Poland Pushes State Energy Giant Merger Forwards
Polish state-controlled oil and gas company PKN Orlen announced July 4 that it has applied for EU approval of a merger with peer Lotos.
PKN filed a formal application for the European Commission's approval of its proposed acquisition of Lotos Group July 3. A merger between the two state-controlled companies has been mooted by the government for some months.
The ruling nationalist conservative PiS has sought to deepen the state’s role in the economy since taking power in late 2015. To that end it has pushed to create “state champion” companies that it says are needed to compete internationally.
In addition, the government is working to raise Poland’s energy independence. Efforts to raise LNG imports and the planned construction of the Baltic Pipe from Norwegian gas fields have the ambitious target of halting gas imports from Russia by 2022, when state-controlled PGNiG’s long-term contract with Gazprom expires.
The merger of PKN and Lotos – Poland’s two biggest oil refiners – is a significant step in that energy strategy. The resulting enlarged entity should have a stronger position in price negotiations and diversification of supplies. Russia is the main supplier of Polish crude.
At the same time, it is expected that the merger will allow the further diversification of the pair, which have recently begun some exploration efforts to find gas and the development of alternative fuels to petroleum products.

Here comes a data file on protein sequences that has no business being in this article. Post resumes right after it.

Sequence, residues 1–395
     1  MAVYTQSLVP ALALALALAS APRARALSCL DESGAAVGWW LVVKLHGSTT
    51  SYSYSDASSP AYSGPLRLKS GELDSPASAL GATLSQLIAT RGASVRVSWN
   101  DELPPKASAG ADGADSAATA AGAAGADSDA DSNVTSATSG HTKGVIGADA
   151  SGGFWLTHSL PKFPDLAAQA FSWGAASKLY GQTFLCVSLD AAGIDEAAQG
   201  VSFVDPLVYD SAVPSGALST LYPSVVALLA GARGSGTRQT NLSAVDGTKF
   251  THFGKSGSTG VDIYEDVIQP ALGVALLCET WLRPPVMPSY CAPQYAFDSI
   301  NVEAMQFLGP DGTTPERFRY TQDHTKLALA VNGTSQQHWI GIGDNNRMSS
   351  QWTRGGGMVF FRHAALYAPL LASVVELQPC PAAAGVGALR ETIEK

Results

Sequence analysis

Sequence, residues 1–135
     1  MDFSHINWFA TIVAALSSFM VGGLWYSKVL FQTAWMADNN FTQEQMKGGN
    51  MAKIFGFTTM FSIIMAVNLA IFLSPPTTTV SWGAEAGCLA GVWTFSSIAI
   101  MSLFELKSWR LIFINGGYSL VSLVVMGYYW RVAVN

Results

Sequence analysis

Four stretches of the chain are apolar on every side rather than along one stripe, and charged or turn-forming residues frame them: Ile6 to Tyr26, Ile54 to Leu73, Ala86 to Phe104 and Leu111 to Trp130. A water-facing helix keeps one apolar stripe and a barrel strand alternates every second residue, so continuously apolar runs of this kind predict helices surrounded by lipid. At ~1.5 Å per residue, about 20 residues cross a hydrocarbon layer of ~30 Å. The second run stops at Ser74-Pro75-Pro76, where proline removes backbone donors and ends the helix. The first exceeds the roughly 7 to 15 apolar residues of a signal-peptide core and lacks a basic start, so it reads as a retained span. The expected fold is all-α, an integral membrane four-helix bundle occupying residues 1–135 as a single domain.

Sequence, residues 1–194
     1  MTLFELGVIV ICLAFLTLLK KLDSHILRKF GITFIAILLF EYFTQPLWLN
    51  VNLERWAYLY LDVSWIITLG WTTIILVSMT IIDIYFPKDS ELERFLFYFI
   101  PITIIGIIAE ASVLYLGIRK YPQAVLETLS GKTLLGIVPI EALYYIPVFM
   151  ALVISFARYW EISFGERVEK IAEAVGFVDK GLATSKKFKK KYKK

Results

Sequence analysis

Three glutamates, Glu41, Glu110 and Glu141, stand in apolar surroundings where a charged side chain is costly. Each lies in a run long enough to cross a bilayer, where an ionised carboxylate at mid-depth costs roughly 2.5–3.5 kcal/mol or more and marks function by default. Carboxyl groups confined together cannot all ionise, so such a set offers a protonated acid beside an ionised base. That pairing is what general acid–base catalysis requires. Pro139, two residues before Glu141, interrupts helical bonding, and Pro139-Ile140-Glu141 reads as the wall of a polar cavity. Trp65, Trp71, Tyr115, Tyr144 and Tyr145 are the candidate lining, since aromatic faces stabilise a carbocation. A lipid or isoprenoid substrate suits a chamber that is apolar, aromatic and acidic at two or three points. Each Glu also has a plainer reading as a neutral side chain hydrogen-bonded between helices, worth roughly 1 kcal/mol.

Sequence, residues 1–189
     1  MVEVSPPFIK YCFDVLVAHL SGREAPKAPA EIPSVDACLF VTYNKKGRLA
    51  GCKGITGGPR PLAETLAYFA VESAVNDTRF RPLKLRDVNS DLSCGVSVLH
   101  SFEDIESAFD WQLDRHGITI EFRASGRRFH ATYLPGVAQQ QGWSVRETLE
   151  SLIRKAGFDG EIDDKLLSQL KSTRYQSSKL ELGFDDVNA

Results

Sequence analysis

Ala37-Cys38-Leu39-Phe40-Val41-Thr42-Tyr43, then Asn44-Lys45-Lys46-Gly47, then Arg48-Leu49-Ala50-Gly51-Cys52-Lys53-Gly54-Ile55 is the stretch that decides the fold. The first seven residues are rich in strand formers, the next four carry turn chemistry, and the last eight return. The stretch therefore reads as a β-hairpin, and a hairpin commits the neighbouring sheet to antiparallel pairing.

PKN Orlen president Daniel Obajtek noted in a statement that the merger is a “requisite driver of … Poland’s energy security. In business, scale matters. This rule of thumb is understood by all major European and global players in the fuel and energy business. A single strong entity would be well-placed to successfully compete in a demanding market, lend greater stability to the national economy … and ramp up its own growth-oriented investments.”
PKN’s acquisition of Lotos was launched via a letter of intent in February 2018. In the first stage of the transation, PKN would acquire 32.99% of Lotos shares from the state treasury, which currently holds 53.19%. A tender offer would then follow, seeking to raise PKN’s holding in Lotos to 66%.